Swithun was renowned for his generosity and piety, his enthusiasm for building new churches and restoring old ones. He also gave himself a reputation for throwing banquets to which the rich were not invited. St. Swithun specifically requested to be buried outdoors so that the "sweet rain of heaven" would fall on his final resting place. When his remains were reinterred in Old Minster a new legend was born. Contemporary writers reported miracles preceding and following the move. Wulfstan Cantor, an eye-witness, reported that it rained throughout the ceremony. It seems that this is the event behind the saying which tells that rain on St. Swithun's Day, 15 July foretells rain for 40 days and nights after. "St Swithun's day if thou dost rain/For forty days it will remain/St Swithun's day if thou be fair/For forty days 'twill rain na mair."
For the next couple of hundred years, Winchester stood in equal importance to London. William the Conqueror received his coronation in both cities and confirmed Winchester's importance by his important commission of the local monks to prepare the Domesday Book. He also ordered the construction of a castle in the south-west corner of the walled city and rebuilt and enlarged the royal palace in front of the Old and New Minsters. In the run up to the civil war between Stephen and Matilda, Bishop Henry du Blois fortified both the Bishop's Palace at Wolvesey and the former royal palace by the cathedral, giving Winchester a total of three castles by 1141. Decline now started and a serious fire in 1141 further set the old capital en route to becoming a provincial town past its heyday.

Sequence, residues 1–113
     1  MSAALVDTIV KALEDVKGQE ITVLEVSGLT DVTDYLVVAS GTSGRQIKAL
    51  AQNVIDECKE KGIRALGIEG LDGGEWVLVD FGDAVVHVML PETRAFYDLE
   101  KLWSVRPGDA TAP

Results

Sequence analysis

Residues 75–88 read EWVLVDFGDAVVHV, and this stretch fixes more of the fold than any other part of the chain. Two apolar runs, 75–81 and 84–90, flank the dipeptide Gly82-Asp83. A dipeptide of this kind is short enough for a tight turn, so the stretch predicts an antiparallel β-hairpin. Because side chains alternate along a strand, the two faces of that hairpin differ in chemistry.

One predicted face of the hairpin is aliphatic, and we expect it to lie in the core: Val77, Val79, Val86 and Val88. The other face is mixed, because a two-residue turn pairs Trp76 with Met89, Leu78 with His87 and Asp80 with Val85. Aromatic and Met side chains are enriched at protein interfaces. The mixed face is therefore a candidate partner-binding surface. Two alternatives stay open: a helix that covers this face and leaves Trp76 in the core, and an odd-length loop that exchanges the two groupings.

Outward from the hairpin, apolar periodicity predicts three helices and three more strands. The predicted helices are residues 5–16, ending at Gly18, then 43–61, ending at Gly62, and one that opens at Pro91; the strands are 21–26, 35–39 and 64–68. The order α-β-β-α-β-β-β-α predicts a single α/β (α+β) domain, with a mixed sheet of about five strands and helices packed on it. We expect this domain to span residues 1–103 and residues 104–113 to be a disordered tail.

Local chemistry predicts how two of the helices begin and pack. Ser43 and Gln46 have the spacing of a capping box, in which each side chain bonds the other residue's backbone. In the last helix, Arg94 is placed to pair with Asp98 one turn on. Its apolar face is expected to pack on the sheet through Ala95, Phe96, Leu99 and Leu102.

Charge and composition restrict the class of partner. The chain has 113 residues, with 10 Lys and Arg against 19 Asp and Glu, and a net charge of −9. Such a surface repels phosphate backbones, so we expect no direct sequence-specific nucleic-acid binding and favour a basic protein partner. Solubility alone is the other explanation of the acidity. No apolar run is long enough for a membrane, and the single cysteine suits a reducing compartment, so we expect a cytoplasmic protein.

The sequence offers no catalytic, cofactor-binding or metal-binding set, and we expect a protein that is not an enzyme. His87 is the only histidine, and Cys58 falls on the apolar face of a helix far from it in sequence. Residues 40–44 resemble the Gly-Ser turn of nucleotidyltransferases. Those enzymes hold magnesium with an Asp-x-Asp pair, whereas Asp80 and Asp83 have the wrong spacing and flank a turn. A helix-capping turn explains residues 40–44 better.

Short History of the See of Winchester
During the 7th century, England was divided into a number of separate kingdoms. At this time Winchester was in Wessex, the tribal kingdom of the West Saxons. In 635, King Cynigils gave permission for Birinius, a missionary, to preach Christianity to his people. Birinius became the first Bishop of Wessex and established an episcopal centre at Dorchester upon Thames. This moved to Winchester in 662 with the building of the first cathedral church.
Winchester became the natural centre of an episcopal see which covered the whole of Wessex and for much of the time the West Country. This naturally reduced in size as new bishoprics were created but by the 12th century, it still covered Surrey, Hampshire and the Isle of Wight.
The bishop's extensive estates were administered from eight main locations including Farnham Castle and the palaces at Bishop's Waltham, Wolvesey and Southwark in London. Quite a lot is known about their estates as the information was recorded in the Pipe Rolls. These unique manuscripts are financial accounts and give a detailed picture of the main events on the bishop's estates. Wolvesey Palace acted as a centre for these estates and all their accounts were sent to Winchester. The bishop's palace at Wolvesey acted both as an administrative and economic centre. Originally it had a second courtyard which contained buildings associated with the economic activities on the bishop's estates, such as barns, stables and a large wool house. Several mills belonging to the bishop were also located nearby.